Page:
“The betting thing, though, was absolutely ridiculous. I mean, where did it even come from? I don’t think anybody ever found that out. The accusations, I remember, were levelled at Alex Williams, Peter and the Maisano brothers, John and Marco. It was said that they had all bet on Airdrie to win the league. The Maisanos had never put a bet on in their life. They were total professionals. They had come to Scotland from Australia, lived in Greenock, integrated themselves in the community and they loved the club. I couldn’t think of anyone less likely to bet against Morton than them.
“But instead of getting laughed off as nonsense, the rumours started to be taken seriously and got press coverage. I remember a game against Airdrie in the second half of the season. I went to take a corner and the Airdrie fans showered me with betting slips. That’s how widespread the whole thing had become.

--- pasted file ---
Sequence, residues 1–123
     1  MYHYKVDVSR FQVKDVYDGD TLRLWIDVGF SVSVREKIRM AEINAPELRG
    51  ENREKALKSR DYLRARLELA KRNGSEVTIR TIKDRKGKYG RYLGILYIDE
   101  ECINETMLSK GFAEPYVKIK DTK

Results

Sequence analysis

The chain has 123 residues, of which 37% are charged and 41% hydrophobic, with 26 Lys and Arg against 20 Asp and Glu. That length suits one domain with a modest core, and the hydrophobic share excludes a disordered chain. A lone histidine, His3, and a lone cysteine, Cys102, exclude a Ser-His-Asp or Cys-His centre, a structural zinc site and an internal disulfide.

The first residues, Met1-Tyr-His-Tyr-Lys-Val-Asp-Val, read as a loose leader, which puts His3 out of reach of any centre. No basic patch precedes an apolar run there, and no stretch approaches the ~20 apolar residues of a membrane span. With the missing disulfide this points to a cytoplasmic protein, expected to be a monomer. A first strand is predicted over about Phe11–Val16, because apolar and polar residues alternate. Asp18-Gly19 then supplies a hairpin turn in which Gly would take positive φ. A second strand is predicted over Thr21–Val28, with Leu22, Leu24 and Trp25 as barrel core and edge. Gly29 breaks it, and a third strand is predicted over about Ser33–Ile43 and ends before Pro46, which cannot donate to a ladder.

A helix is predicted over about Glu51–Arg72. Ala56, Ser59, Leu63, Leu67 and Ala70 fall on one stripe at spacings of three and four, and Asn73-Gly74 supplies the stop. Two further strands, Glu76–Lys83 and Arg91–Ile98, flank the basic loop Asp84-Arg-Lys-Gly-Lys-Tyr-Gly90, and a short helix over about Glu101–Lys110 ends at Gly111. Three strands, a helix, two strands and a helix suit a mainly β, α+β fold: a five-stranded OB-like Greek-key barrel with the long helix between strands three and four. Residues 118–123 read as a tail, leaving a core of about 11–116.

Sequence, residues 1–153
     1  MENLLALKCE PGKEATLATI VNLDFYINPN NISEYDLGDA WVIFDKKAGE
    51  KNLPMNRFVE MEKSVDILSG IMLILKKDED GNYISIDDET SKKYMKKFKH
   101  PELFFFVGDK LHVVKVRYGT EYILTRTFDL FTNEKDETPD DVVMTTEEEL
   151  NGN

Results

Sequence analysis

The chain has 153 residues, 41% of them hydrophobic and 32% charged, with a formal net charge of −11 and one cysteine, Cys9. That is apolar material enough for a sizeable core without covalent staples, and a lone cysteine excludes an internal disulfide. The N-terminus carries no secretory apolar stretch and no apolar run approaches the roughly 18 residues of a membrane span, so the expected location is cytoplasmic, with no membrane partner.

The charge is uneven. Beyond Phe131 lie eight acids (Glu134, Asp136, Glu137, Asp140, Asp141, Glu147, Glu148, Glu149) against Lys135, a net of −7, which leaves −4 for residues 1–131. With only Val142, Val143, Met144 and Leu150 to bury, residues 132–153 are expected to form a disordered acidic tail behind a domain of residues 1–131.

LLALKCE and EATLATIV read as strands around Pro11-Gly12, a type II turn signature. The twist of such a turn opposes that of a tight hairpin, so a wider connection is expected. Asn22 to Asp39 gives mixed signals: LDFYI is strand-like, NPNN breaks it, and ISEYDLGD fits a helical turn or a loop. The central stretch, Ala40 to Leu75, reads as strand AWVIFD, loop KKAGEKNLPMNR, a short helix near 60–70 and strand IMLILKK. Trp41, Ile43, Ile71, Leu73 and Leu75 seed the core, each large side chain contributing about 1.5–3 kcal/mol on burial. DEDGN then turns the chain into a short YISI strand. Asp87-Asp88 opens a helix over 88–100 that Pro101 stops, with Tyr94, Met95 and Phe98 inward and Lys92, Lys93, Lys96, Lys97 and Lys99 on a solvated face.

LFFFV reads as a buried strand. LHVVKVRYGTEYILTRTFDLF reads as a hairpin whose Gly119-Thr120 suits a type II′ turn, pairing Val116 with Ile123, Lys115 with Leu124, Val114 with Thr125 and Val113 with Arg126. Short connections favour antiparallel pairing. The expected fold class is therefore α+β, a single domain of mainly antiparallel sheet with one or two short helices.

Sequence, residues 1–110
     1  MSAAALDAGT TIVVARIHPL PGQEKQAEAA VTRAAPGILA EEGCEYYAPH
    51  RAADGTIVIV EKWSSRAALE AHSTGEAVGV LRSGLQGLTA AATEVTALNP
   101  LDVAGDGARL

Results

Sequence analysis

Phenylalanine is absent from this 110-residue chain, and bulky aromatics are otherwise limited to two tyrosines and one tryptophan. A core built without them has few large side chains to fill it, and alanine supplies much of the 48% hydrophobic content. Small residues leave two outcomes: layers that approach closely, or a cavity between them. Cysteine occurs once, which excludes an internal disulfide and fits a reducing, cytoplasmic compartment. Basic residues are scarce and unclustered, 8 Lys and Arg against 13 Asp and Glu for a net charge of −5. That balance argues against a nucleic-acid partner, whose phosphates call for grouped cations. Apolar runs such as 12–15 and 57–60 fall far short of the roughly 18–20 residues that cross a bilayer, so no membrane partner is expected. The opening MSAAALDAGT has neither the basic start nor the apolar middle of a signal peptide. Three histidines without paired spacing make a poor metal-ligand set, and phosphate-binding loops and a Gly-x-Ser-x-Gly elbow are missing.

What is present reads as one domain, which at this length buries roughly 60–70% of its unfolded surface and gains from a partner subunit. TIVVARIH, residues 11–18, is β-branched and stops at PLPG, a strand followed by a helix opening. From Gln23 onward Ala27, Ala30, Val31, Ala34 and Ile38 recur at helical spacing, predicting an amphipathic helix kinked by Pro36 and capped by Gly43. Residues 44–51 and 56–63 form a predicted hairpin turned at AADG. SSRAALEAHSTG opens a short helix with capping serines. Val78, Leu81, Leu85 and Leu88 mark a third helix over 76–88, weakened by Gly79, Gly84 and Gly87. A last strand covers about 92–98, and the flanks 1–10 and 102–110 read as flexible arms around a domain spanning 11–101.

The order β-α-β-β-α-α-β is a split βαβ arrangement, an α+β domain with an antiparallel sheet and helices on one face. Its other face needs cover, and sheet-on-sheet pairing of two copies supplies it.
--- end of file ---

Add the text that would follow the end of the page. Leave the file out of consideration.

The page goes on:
“As far as I’m concerned, it never happened,” Millar asserts. “It just wasn’t true. I was tight with Peter Weatherson and I know he would’ve told me if there was anything in it. I remember he was really upset by it all. He said to me: ‘They’re saying I’ve put thousands of pounds on Airdrie to win the title. I’ve not even got the kind of money to put a bet on like that.’ It was a horrible time. With us having bad form on the pitch and then these rumours emerging, the fans were understandably getting unhappy.
“Sure, a few of the lads would nip into the bookies to bet on themselves to win or to score, as was allowed back then, but I’ve never known anyone at any club who has bet on themselves to lose. What’s the point? Even if you could single-handedly make your team lose a game, you’re doing yourself out of a win bonus. It just doesn’t make sense.
“Alex was a bit of a boy, and Peter, too, everyone knows that, but they wouldn’t bet against themselves. They were known as cracking goal-scorers and would always want to protect that reputation.